I recently attended the RSA 2016 conference in San Francisco along with a few of my colleagues. We spent the week interacting with clients, prospects and learning about industry solutions as well as sharing our thoughts on the Digital Defense, Inc. (DDI) differentiators and strengths.
DDI offers three core solutions to help organizations mitigate information security risks: Vulnerability Management, Penetration Testing and Security Awareness Training. Most people who visited our booth were intrigued by our unique delivery model, Vulnerability Management as a Service – VmaaS™. One of the most significant benefits of our VMaaS is how we help organizations understand their maturity level and achieve higher levels of security within their VM process. In addition to this and in representing DDI’s technical arm, I had the opportunity to clarify and stress that DDI develops our own proprietary VM SaaS based technology and where we have key significant strengths over our competitors in the VM space.
DDI solves a critical problem faced by all VM solution providers where perplexing scanning issues can lead to breaches and which is explained in detail here. I share how DDI uses 20+ discoverable network endpoint characteristics (e.g. IP Address, Various Hostnames, MAC Address if discoverable, open ports, applications, many more) simultaneously. This is similar to how modern fingerprint matching works, in order to track endpoint hosts over time, from one point-in-time assessment, to another. Many scanning tool vendors in the marketplace today only use a 4 or 5 point system. Even if your VM provider is 100% accurate within one point-in-time scan, they in fact experience a data “drift” over time as they mismatch hosts across time over many assessments. This drift can result in “dirty data” within the VM system as well as within their integrated security ecosystem. I found most of the professionals I spoke with at the RSA event understood the challenge and have seen anomalies within their own systems, leading them to question the accuracy of their data. I have been warning the information security community of this limitation in VM systems for over two years and was pleased to see how people are more than ever understanding that the underlying changing network has serious implications with regard to their security technology and the resulting portrayed information security risk.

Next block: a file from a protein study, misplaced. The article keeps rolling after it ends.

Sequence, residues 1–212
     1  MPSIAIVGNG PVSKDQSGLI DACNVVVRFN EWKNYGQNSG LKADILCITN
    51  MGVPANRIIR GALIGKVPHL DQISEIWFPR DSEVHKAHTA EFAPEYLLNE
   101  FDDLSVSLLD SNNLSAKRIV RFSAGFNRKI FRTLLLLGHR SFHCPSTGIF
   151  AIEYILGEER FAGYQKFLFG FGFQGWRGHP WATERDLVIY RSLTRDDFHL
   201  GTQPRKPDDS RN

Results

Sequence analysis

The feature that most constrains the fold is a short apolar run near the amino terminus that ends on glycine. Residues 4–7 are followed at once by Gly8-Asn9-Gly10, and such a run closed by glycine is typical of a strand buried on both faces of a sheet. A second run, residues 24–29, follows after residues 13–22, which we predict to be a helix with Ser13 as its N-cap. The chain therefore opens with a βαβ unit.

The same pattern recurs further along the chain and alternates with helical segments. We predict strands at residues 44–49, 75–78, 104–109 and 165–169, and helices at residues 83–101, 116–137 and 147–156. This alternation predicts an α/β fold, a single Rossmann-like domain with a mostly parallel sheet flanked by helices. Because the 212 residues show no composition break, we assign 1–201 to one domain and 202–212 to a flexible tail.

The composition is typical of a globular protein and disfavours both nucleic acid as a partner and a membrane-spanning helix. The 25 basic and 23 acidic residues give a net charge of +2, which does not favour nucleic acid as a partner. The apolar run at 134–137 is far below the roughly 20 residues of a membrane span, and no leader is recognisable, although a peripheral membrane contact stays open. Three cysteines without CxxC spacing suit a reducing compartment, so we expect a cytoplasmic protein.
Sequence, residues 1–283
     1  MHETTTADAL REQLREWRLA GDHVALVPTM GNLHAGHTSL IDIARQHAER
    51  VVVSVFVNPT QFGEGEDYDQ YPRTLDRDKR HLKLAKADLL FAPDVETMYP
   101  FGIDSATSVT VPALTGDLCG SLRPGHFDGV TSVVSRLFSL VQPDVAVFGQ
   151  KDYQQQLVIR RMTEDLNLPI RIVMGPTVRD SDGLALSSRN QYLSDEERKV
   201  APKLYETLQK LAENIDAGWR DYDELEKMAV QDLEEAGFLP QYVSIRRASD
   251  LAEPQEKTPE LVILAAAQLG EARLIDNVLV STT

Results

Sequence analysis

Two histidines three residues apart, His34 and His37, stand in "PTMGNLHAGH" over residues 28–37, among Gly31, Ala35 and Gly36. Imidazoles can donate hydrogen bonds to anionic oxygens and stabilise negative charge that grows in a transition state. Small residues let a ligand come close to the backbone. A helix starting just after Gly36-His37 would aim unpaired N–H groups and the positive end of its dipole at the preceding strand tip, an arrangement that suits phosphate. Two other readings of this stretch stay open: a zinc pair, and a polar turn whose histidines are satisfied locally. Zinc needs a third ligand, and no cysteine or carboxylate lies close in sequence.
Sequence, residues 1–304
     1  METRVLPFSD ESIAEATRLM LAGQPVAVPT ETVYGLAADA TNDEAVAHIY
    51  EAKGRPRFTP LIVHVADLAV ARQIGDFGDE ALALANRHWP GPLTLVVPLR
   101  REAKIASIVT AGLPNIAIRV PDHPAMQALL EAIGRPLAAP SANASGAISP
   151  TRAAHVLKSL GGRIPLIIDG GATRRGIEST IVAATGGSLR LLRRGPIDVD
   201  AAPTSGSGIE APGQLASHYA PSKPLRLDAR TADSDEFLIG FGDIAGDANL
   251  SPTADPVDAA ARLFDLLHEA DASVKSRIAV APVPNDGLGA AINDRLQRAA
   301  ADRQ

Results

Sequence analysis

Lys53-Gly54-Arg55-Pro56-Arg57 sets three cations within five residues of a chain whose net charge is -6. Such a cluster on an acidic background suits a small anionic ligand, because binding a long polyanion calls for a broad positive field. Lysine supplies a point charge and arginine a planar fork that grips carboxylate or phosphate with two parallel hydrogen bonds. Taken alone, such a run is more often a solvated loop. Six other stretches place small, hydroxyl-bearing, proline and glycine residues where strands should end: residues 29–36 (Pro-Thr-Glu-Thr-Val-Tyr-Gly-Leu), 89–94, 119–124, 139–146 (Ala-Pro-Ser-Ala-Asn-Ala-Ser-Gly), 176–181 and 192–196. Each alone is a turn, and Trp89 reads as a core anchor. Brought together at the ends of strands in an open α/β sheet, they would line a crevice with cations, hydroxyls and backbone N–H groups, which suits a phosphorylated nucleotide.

Each year, Anton Chuvakin of Gartner posts an eye opening blog on his observations of the RSA conference. He warns that his feedback is ‘harsh and a bit curmudgeonly.’ He shares his concerns that many vendors offer solutions which are not very valuable or they are touting silver bullets. I completely agree with his view. In walking around and visiting other booths at RSA I’ve often wondered how many of these companies are making money with the solutions they are offering. Having “grown up” as a software developer and systems architect, and having always been involved in the development (and yes tons of coding) of our products, I share with you that developers typically are motivated by their cool solution, but may not know whether it is cost effective or even if it is solving the right real-world problem. And with that, I understand how many solutions emerge and how the value may be questions by the end user.
Leaving RSA, I compared the DDI approach to others and left the conference genuinely proud of how we work to improve our cutting-edge technology and managed support so that our vulnerability management solutions focus on what is most important to the end customer.